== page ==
We use a wide variety of common lab and field techniques depending on the project and questions at hand. Below are listed some less typical techniques and devices that we often use in the lab and may be of interest to other researchers:
Work loop technique
We use the work loop technique to measure the mechanical work and power output by insect locomotor muscles. Typically, we use a slightly modified version of Josephson's 1985 adaptation of the work loop technique originally developed for asynchronous muscle (see wiki: here). Our system (see below image) includes an Aurora Scientific ergometer and a Grass analog stimulator, and is controlled by Igor Pro software and a National Instruments data acquisition board which allows for easy customization of the basic protocol.
High speed videography
Locomotion kinematics are studied using high speed videography; we currently have one Edgertronic monochrome high speed camera (link): down to 1/200,000sec exposure, ISO 400-6400, frame rates 10 - 17,791 fps depending on output resolution (1280x1024 - 192x96).
The lab has recently been equipped with a versatile Sable Systems (link) rig allowing studies of metabolic rate (active and resting) and/or substrate utilization (aka fuel use). We use it mainly in studies of insect physiology but it can handle much larger organisms as well. It would take just a bit of creativity to conceive such studies in small mammals and other vertebrates (and plants?). The only thing it won't do is measure metabolic rates in water (e.g. fishes, marine invertebrates).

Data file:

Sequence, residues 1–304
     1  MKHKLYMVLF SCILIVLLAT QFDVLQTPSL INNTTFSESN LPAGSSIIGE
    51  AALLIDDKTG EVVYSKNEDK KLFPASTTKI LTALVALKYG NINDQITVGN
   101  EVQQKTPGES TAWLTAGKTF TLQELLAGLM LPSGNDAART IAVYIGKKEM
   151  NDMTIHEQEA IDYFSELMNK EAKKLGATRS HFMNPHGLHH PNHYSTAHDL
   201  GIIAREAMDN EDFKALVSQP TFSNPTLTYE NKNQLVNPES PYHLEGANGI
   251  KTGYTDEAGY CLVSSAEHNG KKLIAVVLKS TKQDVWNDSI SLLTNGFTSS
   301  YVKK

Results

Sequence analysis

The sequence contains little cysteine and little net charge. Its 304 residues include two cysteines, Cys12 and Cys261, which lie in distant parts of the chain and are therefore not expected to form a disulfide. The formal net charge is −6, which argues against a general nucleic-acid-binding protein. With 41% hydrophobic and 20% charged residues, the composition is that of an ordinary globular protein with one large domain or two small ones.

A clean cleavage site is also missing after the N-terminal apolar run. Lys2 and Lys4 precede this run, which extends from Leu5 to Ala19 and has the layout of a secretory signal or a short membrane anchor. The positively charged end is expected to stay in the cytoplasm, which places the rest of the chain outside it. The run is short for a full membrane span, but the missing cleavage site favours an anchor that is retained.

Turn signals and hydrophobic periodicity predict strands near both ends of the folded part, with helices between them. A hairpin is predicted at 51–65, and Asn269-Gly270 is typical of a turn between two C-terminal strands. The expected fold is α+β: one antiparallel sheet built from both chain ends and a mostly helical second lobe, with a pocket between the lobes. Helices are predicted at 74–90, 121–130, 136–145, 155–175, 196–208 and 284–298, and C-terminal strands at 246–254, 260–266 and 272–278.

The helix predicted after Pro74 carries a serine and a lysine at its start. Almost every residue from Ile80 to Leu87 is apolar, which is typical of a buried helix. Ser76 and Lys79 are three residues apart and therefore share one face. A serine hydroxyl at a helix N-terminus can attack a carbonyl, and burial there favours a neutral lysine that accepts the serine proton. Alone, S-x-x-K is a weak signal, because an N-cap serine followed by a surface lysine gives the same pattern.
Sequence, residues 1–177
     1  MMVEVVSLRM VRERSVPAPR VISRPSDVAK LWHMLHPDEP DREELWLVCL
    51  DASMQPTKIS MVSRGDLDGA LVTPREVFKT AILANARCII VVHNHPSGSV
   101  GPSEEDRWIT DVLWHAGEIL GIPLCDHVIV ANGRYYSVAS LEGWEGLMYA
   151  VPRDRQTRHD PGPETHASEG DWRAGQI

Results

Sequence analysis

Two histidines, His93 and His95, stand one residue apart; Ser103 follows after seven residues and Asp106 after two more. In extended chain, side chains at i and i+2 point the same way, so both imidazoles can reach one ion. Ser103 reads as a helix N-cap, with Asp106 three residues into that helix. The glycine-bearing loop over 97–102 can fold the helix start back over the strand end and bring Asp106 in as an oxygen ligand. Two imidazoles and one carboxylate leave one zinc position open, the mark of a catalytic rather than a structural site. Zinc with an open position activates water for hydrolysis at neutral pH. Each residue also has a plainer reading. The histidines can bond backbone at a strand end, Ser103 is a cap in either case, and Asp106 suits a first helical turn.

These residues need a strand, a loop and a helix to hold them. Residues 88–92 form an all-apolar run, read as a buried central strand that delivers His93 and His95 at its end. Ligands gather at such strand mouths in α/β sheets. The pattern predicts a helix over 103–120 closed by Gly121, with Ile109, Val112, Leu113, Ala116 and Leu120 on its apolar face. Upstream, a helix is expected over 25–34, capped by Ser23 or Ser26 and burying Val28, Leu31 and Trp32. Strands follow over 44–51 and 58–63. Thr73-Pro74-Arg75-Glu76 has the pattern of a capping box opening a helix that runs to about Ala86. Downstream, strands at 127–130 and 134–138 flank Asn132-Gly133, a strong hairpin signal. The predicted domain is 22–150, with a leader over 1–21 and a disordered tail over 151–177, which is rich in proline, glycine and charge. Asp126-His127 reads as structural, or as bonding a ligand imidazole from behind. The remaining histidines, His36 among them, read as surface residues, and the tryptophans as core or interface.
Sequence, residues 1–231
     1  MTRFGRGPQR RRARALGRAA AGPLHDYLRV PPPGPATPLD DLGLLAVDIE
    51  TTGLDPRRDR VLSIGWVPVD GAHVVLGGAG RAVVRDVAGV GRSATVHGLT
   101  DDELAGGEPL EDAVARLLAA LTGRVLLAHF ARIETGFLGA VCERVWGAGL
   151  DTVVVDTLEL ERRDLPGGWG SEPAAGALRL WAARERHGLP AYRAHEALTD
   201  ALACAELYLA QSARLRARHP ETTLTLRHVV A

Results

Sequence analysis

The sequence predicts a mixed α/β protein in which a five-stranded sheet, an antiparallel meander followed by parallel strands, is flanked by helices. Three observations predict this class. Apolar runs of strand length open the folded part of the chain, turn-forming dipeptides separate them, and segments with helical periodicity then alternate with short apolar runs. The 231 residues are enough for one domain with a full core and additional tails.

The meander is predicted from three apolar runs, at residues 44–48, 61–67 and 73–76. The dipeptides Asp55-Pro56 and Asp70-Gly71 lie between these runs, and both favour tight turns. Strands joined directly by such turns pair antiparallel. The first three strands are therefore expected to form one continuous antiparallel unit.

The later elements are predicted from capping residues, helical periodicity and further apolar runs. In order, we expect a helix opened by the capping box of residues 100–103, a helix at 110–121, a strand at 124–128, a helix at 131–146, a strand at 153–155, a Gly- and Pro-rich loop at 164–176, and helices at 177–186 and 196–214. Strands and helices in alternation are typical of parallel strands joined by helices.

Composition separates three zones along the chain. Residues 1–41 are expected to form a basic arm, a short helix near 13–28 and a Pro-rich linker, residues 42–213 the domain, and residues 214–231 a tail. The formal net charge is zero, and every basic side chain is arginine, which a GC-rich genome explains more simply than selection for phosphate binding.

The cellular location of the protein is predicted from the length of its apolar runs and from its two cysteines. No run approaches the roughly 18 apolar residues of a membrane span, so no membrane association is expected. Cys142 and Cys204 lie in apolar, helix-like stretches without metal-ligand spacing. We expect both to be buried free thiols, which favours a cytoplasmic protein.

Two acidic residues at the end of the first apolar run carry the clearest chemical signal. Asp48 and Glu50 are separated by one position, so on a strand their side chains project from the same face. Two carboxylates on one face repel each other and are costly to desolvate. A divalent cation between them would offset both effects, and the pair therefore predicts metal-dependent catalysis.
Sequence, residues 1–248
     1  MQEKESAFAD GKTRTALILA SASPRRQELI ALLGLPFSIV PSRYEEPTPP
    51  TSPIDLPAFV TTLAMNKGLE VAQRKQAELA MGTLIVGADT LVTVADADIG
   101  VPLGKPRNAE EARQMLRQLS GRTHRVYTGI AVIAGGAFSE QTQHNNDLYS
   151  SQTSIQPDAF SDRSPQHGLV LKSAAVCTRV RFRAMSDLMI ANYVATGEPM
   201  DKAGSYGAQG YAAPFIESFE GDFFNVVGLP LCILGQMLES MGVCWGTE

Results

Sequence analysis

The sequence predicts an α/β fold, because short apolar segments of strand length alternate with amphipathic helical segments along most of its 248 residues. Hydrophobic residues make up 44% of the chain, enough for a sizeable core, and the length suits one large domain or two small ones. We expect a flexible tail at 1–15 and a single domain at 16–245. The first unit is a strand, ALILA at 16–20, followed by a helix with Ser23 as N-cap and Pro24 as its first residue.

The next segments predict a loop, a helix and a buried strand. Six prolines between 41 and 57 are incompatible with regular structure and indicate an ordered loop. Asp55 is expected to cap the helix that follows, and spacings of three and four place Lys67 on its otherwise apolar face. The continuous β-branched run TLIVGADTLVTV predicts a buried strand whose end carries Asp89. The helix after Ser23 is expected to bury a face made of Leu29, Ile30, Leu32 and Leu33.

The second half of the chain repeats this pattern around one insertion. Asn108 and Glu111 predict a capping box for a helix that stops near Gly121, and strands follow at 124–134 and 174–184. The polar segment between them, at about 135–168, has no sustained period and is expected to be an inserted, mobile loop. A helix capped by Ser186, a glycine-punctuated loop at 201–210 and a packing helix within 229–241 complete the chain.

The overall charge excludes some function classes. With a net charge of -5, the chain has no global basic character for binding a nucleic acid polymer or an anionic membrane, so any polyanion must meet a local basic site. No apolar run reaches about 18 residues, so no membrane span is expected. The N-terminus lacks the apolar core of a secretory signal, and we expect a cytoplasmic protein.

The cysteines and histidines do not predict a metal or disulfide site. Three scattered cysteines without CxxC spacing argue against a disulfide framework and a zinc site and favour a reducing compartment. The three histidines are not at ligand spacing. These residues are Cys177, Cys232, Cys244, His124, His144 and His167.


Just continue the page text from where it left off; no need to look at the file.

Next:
The lab will receive a thermal camera (link) in the near future (July 2015). Bumblebee videos speak louder than words; these are low-res versions of originals (had to scale them down a bit) shot through saran wrap, showing (left) how bumblebees seemed attracted to a "hot spot" in the back of their cage (created using a heat gun) and the same guys without the hot spot and using a grayscale filter pallette:
Come talk to me if you are interested in using this camera for your research projects!
Another recent addition is our Open Ephys digital multichannel electrophysiology rig (link). It currently uses one Intan Technologies (link) amplifier chip allowing simultaneous recording from 16 differential inputs. You do the math.
To allow examinations of effects of body weight variation on fruitfly leg muscle physiology, we built a custom centrifuge using a treadmill motor connected via a set of pulleys to an inverted lab chair (spins on ball bearings). We have successfully exposed flies to 4-12g for 24-48 hours using this device.
Helmholtz coils magnet field generator
As an alternative to the hypergravity centrifuge (which doesn't work well with larger animals) we are constructing a helmholtz coil setup to generate a homogeneous magnetic field, the strength of which we can control with a power supply. By adding tiny neodymium magnets to insects we can vary the body weight experienced by their leg musculature in a more dynamic and longitudinal fashion.
The lab is home to a Rostock Max v1 delta style 3D printer. At the moment it is mainly printing PLA filament, but can also handle ABS filament. We are currently printing parts needed to upgrade the printer itself, but in the near future we will be printing components used in our (electro-) physiology experiments.